Doctors’ risks in prescribing opioids

July 5, 2018

Physicians and their pain patients will continue to suffer such inconveniences, insults and financial burdens, until the epidemic of opioid overdoses ends.

Editor's Note: Welcome to Medical Economics' blog section which features contributions from members of the medical community. These blogs are an opportunity for bloggers to engage with readers about a topic that is top of mind, whether it is practice management, experiences with patients, the industry, medicine in general, or healthcare reform. The opinions expressed here are that of the authors and not UBM / Medical Economics.

Physicians who prescribe opioids for the treatment of pain are being held partly responsible for the sharply rising rates of opioid abuse and fatal overdose. The epidemic of opioid overdoses continues to worsen, despite restrictive measures by the Drug Enforcement Administration, such as the escalation of all opioids to Schedule II, including the least-potent, fixed-dose combination analgesics.

As a result, combinations such as hydrocodone/acetaminophen, which were formerly on the less-restrictive Schedule III, can no longer be routinely phoned in, nor prescribed in the less-expensive 90-day supplies offered by insurers.

While such restrictions on the availability of opioid pain medications may exert a beneficial effect on reducing the overdose rate, they also inevitably make it more difficult for patients to obtain opioids for the treatment of appropriate diagnosed pain syndromes.

"Illicit opioids" are illegal Schedule I drugs, like heroin, or nominally Schedule II drugs produced illegally. In recent years. The U.S. has been inundated with highly potent illegally manufactured fentanyl ("IMF" or "fake fentanyl"), which now accounts for the largest category of overdose deaths.

One study of overdose deaths in the U.S. reported that, among the 42,249 opioid-related overdose deaths in 2016, 40.4 percent involved prescription opioids. This finding may seem to imply that these overdose victims died as a result of taking opioids prescribed by physicians, perhaps even taking them as directed. However, the study’s authors actually were counting in this category all overdose victims who had any detectable prescription opioid in their blood, regardless of whether the opioid was actually prescribed by a physician or obtained illegally, and regardless of how many other drugs were present in the victim's blood.

Thus, a victim could take one stolen or diverted 5 mg hydrocodone tablet (a “prescription opioid") followed by a fatal intravenous overdose of street heroin, and the overdose would be included among those "involved with prescription opioids."

The data for this study were derived from death certificates of the overdose victims, a source which does not record how much of the opioid in their blood was from medication prescribed by a physician. And while we can infer that many patients had multiple opioids in their blood, there is no breakdown of which opioids were present at levels likely to have caused the fatal overdose.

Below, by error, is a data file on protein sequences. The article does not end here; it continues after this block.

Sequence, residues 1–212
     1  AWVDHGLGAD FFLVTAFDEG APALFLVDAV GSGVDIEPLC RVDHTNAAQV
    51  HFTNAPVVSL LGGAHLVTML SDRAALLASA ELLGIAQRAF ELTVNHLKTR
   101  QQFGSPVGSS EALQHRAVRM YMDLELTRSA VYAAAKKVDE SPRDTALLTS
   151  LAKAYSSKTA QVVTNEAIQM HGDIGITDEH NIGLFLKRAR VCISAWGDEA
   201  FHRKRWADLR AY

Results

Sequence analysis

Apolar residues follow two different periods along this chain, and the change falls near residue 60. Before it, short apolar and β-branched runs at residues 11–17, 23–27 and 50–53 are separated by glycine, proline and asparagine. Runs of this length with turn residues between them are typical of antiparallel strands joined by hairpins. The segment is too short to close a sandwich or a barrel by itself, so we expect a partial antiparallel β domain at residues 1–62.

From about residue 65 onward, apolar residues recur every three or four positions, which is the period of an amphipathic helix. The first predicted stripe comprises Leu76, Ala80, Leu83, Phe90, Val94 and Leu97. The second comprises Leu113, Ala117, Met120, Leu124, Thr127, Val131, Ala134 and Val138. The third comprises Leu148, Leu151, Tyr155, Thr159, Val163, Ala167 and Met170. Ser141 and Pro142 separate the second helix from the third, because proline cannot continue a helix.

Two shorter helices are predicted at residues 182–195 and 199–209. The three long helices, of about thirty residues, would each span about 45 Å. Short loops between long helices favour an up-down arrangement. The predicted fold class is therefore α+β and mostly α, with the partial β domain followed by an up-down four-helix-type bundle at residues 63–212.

Physicians cannot control patients' access to illicit non-prescription opioids, nor to prescription opioids obtained from illicit sources. Physicians can restrict access to appropriate doses of a single prescription opioid, in restricted quantities, to reduce the risk of overdose. Overdose with only one prescription opioid found in the blood of the victim, and with no other drugs of abuse, often is not reported, making the percentage of overdose deaths involving patients using only properly-prescribed prescription opioids difficult to infer, according to the CDC. The NIH estimates that "roughly 21 to 29 percent of patients prescribed opioids for chronic pain misuse them, between 8 and 12 percent develop an opioid use disorder, and an estimated 4 to 6 percent who misuse prescription opioids transition to heroin."

Physicians are frequently called on to treat acute moderate-to-severe pain not relieved by over-the-counter pain medications, but which we know from experience will be at least partly relieved by an opioid medication. We do not know the risk of a given patient ending up as an addict or overdosing if we prescribe an opioid pain medication.

We do not know the risk that denying a prescription opioid pain medication will drive the patient into the hands of criminal drug dealers in an effort to alleviate their pain with illicit opioids. Doctors risk being blamed for the unknown percentage of patients at risk of addiction and overdose, regardless of what we do, regardless of how prevalent opioid abuse may be in a particular practice or community.

The NIH and CDC have prepared a 15-point, 50-page guide to prescribing opioid pain medications more safely, along with a summary fact sheet. In the current crisis of increasing overdose deaths, physicians should read and adhere to these guidelines, despite the increased time and effort required to perform, and document, all of the recommended counselling, anti-drug-abuse contracts, pill counting, urine testing, and other potentially insulting measures. Many pain patients are offended by such enforcement measures, complaining they are made to feel like they are under suspicion.

Unfortunately, doctors and their pain patients will continue to suffer such inconveniences, insults and financial burdens, until the epidemic of opioid overdoses ends.

David L. Keller, MD, FACP, is an internist in Lomita, Calif.
 

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